The Brain Injury Association of Peel and Halton (BIAPH) is dedicated to making a profound difference in the lives of individuals affected by Acquired Brain Injury (ABI) and their families. Through our support programs, BIAPH seeks to provide a supportive community that fosters connection, understanding, and growth. From the ABI Survivor & Caregiver Support Groups to specialized programs like the HeadSpin: Youth & Young Adult Support Group, Caregiver Relief Program, and Peer Support Program, BIAPH aims to address the unique challenges faced by those impacted by ABI. By offering spaces for sharing, learning, and mutual support, our programs strive to empower individuals and caregivers, enhancing their well-being and facilitating a journey towards resilience and recovery.
ABI Survivor & Caregiver Support Groups
Our support groups offer a secure and nurturing environment where members can openly share and express their experiences related to their Acquired Brain Injury (ABI) journey. It serves as a platform for survivors and caregivers to come together and discuss their challenges, difficulties, and successes while supporting their family and loved ones. Engaging with fellow members and families allows individuals to gain valuable insights into living with an ABI and learn from each other’s experiences.
To enrich our support group sessions, we regularly invite guest speakers who deliver presentations on relevant topics and introduce various resources available to those in need. These presentations aim to raise awareness and provide additional knowledge and support to our members, further empowering them on their ABI journey.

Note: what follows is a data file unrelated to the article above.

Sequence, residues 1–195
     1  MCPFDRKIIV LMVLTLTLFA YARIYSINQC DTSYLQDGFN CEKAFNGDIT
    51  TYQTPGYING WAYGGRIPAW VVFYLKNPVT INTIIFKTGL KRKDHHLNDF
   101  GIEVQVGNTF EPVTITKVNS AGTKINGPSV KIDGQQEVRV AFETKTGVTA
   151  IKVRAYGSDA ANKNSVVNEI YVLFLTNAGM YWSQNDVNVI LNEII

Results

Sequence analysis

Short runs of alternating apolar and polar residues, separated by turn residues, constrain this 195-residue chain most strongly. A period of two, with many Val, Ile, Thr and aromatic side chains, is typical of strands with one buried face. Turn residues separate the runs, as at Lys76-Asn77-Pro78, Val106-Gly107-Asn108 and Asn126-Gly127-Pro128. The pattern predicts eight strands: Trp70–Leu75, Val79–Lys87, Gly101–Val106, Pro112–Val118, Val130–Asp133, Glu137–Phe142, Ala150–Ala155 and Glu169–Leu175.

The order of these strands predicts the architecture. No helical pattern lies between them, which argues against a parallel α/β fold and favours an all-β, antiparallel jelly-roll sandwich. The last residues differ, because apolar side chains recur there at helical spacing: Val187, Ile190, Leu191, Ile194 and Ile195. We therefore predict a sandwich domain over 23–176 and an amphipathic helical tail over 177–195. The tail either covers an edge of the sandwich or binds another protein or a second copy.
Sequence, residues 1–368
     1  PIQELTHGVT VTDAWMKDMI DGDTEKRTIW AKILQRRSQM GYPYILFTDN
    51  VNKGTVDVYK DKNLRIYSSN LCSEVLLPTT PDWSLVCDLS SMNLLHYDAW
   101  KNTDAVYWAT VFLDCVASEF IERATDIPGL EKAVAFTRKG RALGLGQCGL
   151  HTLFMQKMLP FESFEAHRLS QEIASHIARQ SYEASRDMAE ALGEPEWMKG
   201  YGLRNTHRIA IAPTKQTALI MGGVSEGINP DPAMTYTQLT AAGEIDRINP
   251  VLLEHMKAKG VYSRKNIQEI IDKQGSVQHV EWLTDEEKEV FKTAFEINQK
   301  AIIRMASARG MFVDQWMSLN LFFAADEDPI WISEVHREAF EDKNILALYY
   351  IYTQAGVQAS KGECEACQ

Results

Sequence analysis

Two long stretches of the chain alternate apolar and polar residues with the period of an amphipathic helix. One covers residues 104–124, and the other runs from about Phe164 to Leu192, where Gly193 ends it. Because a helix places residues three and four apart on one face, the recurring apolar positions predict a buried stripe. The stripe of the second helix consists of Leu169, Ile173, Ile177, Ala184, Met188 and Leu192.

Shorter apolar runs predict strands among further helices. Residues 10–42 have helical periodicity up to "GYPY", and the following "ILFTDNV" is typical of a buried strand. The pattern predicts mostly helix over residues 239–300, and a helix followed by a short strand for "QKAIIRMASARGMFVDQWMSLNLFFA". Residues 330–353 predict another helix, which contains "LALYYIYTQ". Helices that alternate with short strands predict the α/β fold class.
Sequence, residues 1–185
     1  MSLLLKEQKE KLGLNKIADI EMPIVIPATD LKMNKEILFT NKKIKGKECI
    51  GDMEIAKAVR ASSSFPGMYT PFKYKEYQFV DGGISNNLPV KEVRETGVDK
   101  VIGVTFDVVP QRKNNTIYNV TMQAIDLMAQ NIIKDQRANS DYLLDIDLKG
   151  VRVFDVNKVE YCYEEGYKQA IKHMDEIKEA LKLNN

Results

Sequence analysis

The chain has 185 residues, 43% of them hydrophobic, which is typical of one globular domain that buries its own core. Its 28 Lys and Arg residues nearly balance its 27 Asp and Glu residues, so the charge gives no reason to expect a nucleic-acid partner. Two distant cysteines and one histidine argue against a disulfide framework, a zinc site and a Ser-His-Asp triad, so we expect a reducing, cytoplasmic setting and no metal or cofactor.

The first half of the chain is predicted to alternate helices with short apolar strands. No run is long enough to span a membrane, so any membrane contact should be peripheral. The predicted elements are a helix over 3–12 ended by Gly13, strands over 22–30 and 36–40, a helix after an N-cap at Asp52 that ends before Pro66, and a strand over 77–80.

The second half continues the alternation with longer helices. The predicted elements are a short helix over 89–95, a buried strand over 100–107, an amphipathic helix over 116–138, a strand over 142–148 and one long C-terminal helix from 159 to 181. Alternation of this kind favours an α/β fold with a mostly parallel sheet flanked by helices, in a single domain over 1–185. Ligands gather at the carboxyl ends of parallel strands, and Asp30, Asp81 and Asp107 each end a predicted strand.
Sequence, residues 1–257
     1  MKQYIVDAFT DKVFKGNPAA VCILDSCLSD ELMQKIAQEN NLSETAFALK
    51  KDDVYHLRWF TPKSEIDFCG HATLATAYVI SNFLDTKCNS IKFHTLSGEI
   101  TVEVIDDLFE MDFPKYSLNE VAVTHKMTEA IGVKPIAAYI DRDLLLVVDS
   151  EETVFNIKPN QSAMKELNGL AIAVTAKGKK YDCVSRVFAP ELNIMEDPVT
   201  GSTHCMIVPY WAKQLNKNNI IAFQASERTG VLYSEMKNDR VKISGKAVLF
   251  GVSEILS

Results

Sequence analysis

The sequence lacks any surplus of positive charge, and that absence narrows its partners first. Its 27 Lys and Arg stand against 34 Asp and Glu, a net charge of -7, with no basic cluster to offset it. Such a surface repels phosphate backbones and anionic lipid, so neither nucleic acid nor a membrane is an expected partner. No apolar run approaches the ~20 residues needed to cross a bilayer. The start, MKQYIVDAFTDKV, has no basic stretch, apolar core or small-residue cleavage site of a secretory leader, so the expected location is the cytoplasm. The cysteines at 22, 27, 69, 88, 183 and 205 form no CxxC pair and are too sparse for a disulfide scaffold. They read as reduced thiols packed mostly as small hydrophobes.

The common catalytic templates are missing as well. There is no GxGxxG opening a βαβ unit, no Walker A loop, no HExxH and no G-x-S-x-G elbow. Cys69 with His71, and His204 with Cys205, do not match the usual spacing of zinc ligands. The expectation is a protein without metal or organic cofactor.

The HeadSpin group serves high-functioning young adults with Acquired Brain Injury (ABI), aiming to build a community through leisure activities. Regular meetings encourage open communication, exchange of resources, and coping strategies.
Committed to inclusivity and understanding, HeadSpin fosters friendships and enhances well-being through community engagement and positive social interactions. Additionally, the group focuses on empowering its members by providing them with opportunities to take on leadership roles within the community, fostering a sense of accomplishment and purpose. This approach not only strengthens the community bond but also contributes to the personal growth and self-esteem of its members, further enriching their recovery journey.
Our program recognizes the immense responsibilities and challenges faced by caregivers in caring for their loved ones. To lend a helping hand, we offer a Personal Support Worker (PSW) for four hours every week for a duration of one year to eligible individuals.
Services include attendant care (e.g., personal care, supervision/support within the home to allow caregiver to leave ensuring safety for loved one), and community social support (e.g., assistance accessing community programs or activities).
Our main objective is to provide temporary care, allowing caregivers to take a break, run errands, or attend to important tasks, while their loved one spends time with the support worker. We carefully review applications on a case-by-case basis to ensure that those who need our services the most receive priority. Preference is given to individuals who may not have the financial means to pay for services and have limited access to other government funded resources.
Our Peer Support Program aims to provide mentorship and guidance to individuals living with an acquired brain injury (ABI). Through this program, we connect them with someone who has personally undergone a similar journey involving ABI. The mentors play a vital role in offering support, sharing their own life experiences, and providing valuable knowledge to those seeking assistance. This program is organized in partnership with local affiliated brain injury associations throughout Ontario. Within the BIAPH branch, Sue Brushey, an experienced RSW with a longstanding commitment to supporting the ABI community, oversees the initiative.
As a Partner in the program, you have the opportunity to learn from someone ‘who has been there’ and can offer you guidance and support based on their own personal experiences living with ABI.
The role of the Mentor is to provide emotional and social support, share information, and resources with partners who are coping with a similar ABI-related situation.